Wingspan of male 16-22 mm. Female wingless.
There is a marked sexual difference between the adults. The male has translucent wings covered with grey hair scales, large bipectinate antennae and a hairy body. The yellow female has vestigial antennae and legs, no wings, a brown head, a large rectangular brown dorsal sclerite on thoracic segments T1 and T2 and a narrow medial brown dorsal sclerite on T3.
The larva lives in a silk case about 20 mm long, and covered in longitudinally arranged grass-stems and heather fragments, which are individually considerably shorter than the case. The long-lived, often for two years, larva usually stays on or near the ground, rarely climbing up plants. It feeds on grasses and low plants, often heather (Calluna).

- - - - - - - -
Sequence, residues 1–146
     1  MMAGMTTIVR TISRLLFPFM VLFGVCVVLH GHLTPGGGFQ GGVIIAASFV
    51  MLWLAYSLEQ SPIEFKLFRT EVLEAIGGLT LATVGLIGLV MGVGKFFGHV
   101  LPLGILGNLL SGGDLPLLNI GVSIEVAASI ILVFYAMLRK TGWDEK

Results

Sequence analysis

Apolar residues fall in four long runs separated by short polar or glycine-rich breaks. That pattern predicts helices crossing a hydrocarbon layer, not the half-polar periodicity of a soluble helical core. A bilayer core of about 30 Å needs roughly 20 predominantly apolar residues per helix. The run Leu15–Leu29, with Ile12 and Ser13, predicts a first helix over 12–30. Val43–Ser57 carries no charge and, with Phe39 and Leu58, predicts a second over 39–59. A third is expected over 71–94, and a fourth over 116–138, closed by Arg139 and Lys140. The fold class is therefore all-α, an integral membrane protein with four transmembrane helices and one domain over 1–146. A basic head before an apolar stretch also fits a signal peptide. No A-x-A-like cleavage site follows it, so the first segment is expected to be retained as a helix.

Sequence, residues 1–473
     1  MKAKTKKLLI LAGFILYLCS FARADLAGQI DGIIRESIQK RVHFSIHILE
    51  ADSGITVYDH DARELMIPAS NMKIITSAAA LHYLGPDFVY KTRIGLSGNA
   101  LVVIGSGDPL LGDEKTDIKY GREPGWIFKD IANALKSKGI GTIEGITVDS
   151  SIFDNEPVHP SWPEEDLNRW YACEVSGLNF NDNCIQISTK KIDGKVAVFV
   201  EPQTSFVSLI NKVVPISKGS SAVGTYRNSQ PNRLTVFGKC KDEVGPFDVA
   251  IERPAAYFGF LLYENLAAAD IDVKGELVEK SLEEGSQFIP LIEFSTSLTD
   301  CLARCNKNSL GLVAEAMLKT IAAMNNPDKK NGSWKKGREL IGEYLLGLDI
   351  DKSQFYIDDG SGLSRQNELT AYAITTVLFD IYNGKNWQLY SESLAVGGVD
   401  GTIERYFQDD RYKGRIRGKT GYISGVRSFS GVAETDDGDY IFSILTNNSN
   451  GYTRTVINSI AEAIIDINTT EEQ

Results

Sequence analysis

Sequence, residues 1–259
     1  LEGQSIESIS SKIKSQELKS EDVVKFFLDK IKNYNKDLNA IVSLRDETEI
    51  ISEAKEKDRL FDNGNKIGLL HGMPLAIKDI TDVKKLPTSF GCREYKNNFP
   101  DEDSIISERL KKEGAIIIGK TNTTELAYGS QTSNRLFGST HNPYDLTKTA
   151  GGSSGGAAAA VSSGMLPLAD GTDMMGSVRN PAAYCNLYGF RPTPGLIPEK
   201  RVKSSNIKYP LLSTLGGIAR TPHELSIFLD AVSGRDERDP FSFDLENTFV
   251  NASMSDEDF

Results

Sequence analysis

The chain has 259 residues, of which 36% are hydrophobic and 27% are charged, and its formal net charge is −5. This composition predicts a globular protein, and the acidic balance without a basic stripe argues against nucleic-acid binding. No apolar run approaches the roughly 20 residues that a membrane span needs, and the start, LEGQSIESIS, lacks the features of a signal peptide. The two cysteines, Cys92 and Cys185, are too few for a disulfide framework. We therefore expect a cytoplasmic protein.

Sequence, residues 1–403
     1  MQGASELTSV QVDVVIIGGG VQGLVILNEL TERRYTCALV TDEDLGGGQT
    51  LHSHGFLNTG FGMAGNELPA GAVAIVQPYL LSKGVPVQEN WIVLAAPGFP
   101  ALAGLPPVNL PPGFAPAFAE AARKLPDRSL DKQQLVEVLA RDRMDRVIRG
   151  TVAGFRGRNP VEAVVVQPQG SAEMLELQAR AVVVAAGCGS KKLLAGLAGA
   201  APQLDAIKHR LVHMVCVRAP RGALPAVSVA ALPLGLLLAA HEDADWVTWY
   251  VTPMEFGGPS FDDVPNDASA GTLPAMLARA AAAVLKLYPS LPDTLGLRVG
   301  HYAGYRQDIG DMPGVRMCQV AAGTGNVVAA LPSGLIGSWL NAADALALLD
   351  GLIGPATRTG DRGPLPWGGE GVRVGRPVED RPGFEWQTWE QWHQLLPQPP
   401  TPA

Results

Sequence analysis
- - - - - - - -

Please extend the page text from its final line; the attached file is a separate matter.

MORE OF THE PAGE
The case is especially prominent when fixed for pupation in April-early June on a wall, rock or fence exposed to the Sun. Shortly before and during pupation, the male case can be recognised by its posterior extension (about 6 mm) of a grey silk sleeve, devoid of plant fragments. After emergence, the pupal exuviae fills and protrudes from the sleeve.
The adults emerge in May and June, the male flying in the afternoon and evening.
In Britain, the species is found on heaths and moors in the Scottish Highlands, North Wales, the Pennines, Cumbria and Dorset-Hants.-Berks.